A Virginia woman pretending to be a psychologist illegally treated hundreds of children and adults, according to local deputies. She even used her fake credentials to land an interview on brain science with an ex-NFL player, FOX 5 DC reports.
Sharonda Avery, a 42-year-old Spotsylvania woman, was charged May 6 with practicing psychology without a license, passing a forged document, obtaining money by false pretenses and perjury, according to the Stafford County Sheriff’s Office. Avery is in custody at Rappahannock Regional Jail and is being held without bond.
Quintus McDonald, a former NFL player for the Indianapolis Colts who also played at Penn State, said he didn’t know Avery was lying about being a licensed psychologist, FOX 5 reports.
“It’s very disappointing and I would absolutely venture to say that she’s not the first and she probably won’t be the last and there are probably several others out there,” McDonald said, according to the TV station.
McDonald was far from alone in being misled, according to the Sheriff’s Office.
Deputies said Avery posed as a legitimate psychologist in Stafford “for several years” until an investigation into her began in October 2018 following complaints questioning her credentials, including some who said she had misdiagnosed their children.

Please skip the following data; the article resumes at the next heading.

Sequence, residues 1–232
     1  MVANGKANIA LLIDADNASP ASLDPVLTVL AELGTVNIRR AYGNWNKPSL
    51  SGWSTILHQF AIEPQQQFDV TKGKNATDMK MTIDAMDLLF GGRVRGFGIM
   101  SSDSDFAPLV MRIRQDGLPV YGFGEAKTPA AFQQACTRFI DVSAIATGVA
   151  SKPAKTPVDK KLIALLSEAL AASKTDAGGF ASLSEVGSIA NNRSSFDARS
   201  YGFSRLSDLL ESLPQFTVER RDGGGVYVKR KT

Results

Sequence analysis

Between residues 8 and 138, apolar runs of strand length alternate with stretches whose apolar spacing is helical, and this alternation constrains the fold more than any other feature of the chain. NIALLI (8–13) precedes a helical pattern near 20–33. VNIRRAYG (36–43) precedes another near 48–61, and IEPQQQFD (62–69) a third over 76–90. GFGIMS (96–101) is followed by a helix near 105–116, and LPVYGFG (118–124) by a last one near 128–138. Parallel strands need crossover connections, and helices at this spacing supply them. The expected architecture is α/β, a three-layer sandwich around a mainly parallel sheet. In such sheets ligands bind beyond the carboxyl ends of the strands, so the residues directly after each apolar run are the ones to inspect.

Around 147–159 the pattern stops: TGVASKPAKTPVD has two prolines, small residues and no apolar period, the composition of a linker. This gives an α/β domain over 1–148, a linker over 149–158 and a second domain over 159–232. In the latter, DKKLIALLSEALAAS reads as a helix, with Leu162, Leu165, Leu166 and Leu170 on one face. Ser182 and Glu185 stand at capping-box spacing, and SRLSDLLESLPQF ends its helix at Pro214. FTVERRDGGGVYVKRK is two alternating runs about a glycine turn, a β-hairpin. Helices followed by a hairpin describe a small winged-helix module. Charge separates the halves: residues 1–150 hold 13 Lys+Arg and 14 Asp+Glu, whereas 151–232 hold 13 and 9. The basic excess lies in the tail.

Detectives found that Avery wasn’t licensed in Virginia and that the two doctoral degrees and master’s degree she claimed to have weren’t real, according to the Sheriff’s Office.
In fact, deputies said, “she did not have a degree from any college or university.”
Despite that lack of credentials, a medical practice in Stafford County employed her as a psychologist beginning in 2012, deputies said. While working there, Avery “treated hundreds of children and adults,” deputies said, but she was fired and the practice is “no longer in business.”
Deputies said she’s been charged with perjury because she testified in a juvenile court in 2017, pretending to be a doctor.
McDonald interviewed Avery on a segment of “NittanySports Huddle TV,” which was posted on YouTube in 2016. McDonald said in the 13-minute video that “Dr. Avery” was “one of the doctors on staff here at Pediatric Partners for Attention and Learning.”
Authorities said some kids Avery treated were later medicated by actual doctors for conditions she had diagnosed them with, according to The Free Lance-Star. Her most recently listed addresses in court records were in Woodbridge near Washington, D.C., and in Gasburg, near Virginia’s border with North Carolina, according to the newspaper.